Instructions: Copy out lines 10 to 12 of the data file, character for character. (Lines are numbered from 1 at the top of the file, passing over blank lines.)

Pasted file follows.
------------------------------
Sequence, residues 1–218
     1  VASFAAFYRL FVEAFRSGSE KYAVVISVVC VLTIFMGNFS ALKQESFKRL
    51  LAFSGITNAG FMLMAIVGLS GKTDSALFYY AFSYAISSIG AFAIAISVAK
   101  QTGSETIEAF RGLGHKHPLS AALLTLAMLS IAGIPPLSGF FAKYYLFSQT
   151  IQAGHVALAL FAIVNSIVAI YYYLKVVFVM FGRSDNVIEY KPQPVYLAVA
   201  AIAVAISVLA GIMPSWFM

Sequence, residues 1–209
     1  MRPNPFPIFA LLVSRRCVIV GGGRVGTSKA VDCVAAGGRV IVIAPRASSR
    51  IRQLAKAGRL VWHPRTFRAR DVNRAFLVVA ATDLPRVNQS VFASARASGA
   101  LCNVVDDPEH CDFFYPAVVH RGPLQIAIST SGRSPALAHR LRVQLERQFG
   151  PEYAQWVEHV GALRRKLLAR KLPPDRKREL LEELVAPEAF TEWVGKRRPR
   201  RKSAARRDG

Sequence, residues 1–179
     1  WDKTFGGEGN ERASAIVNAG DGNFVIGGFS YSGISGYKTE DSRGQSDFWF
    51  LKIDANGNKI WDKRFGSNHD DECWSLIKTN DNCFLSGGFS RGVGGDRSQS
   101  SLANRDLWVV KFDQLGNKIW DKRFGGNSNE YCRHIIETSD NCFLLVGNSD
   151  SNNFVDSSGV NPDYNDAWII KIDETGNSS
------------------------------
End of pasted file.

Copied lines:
   101  LCNVVDDPEH CDFFYPAVVH RGPLQIAIST SGRSPALAHR LRVQLERQFG
   151  PEYAQWVEHV GALRRKLLAR KLPPDRKREL LEELVAPEAF TEWVGKRRPR
   201  RKSAARRDG